Nvidia has published a blog post clearing up some of the questions it faced following the perilous RTX 3080 launch last week. Nvidia says the launch “was simultaneously the best GPU launch ever and the most frustrating,” and admits that its own webstore was not prepared for the number of bots attempting to claim stock to resell at a later date.
So it’s safe to say the RTX 3080 launch didn’t go quite to plan, although a large part of that was due to the graphics card’s popularity. You only have to read our RTX 3080 review to know what all the fuss is about—it’s easy to see why the first card built from the Ampere architecture was so popular, even generating more traffic than Black Friday for some retailers.
Nvidia now confirms that the RTX 3080 is in “full production” and that the first cards shipped out in August to retailers. The supply is reportedly increasing weekly, which bodes well for a stable market in good time. Nvidia offers no exact timeframe for stock to normalise, however.
Nvidia confirms it has “great supply,” which also tallies what we’ve heard from the GPU maker when pressing about Samsung’s 8nm process, which is the basis for all Nvidia GeForce Ampere graphics cards so far.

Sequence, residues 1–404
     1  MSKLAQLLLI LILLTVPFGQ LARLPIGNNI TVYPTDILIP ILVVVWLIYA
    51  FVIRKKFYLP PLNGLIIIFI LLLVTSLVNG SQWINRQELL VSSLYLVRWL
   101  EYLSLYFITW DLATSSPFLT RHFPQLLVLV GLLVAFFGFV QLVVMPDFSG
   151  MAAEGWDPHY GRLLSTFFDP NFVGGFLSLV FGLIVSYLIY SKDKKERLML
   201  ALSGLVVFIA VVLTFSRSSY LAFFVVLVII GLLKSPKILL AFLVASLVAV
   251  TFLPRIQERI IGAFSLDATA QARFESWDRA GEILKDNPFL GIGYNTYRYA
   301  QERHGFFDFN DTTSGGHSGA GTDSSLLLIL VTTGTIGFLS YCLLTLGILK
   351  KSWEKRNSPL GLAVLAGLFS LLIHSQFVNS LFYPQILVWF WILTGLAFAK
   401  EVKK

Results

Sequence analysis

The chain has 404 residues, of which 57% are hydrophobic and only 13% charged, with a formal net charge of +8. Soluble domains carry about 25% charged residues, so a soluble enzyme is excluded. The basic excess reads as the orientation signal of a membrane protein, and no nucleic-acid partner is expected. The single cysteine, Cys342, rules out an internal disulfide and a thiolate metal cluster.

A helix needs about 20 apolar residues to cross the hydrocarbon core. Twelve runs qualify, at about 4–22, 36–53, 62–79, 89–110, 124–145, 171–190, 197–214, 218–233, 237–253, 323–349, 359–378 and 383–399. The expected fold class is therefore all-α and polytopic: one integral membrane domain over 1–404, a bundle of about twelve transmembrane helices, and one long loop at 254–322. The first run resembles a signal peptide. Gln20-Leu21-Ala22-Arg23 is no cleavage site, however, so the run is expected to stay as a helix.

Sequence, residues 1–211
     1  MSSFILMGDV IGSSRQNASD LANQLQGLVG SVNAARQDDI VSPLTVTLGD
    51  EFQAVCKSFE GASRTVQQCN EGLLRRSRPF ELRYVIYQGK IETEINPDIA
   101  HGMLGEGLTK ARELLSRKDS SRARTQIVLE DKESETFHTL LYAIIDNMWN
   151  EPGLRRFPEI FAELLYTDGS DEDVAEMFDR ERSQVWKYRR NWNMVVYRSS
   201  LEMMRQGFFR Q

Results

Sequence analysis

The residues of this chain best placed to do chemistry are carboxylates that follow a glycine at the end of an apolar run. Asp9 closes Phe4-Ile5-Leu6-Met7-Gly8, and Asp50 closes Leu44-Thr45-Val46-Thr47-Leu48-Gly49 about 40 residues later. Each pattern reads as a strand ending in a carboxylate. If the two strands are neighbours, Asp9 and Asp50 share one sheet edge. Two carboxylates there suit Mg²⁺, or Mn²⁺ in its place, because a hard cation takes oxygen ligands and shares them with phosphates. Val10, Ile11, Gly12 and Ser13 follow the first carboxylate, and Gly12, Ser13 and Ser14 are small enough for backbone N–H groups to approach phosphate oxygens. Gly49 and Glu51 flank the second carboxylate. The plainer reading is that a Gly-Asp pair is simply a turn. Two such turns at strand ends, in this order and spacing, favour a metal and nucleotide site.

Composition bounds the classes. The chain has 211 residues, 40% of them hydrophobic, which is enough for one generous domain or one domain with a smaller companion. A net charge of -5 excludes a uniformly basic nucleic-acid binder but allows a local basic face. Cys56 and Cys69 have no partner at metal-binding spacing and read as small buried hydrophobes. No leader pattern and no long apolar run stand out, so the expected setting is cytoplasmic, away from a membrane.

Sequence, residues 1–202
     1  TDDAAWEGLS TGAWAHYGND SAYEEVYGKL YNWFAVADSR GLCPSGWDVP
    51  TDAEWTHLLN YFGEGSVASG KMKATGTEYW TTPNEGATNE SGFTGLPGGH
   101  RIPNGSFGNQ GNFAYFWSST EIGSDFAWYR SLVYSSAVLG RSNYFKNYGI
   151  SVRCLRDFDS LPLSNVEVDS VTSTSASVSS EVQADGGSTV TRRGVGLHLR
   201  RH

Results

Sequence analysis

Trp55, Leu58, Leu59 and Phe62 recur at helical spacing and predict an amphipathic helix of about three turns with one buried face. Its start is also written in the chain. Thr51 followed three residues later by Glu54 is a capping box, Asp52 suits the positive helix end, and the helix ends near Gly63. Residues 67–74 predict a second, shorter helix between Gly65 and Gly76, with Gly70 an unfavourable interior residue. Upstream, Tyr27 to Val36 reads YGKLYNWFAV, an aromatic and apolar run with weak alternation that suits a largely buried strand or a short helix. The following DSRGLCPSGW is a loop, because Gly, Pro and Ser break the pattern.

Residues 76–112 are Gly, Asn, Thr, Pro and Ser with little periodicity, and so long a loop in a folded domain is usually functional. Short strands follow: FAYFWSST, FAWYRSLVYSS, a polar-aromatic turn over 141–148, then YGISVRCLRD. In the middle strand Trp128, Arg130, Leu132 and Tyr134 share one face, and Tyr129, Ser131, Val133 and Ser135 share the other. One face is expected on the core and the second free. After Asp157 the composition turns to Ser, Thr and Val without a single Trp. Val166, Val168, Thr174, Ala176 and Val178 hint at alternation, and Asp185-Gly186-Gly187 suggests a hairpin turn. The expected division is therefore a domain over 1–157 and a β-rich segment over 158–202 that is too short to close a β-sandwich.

“As we race to build more GeForce RTX 3080s,” Nvidia says, “we suggest not buying from opportunistic resellers who are attempting to take advantage of the current situation.”
Many customers are giving as good as they’re getting too, with some taking to eBay to protest reseller listings at extraordinary prices with some well-deserved trolling.
At least Nvidia says its store will be a better place to shop come the RTX 3090 launch on Thursday, September 24, and the RTX 3070 launch in October. Nvidia has shifted its online store to a dedicated environment, streamlined code for protect its servers from crashing, integrated a CAPTCHA at checkout, increased capacity, and added further bot protection and security to avoid a rerun of the 3080 chaos, which saw cards sell out within seconds of availability going live.
Nvidia has also cancelled hundreds of orders from known resellers manually in order to free up space for genuine customers.
Following complaints that ‘notify me’ emails were not despatched until long after stock was run dry, Nvidia has at least specified why this occurred. While still unfortunate for users, these emails were held back until Nvidia’s inundated servers were restored, although, in retrospect, Nvidia says it “should not have sent the ‘notify me’ emails at all given the circumstance.
The lesson has been learned now, leaving space for Nvidia and retailers to improve and prepare for the incoming RTX 3090 launch this week, and, more importantly, sure-to-be-popular RTX 3070 release come October.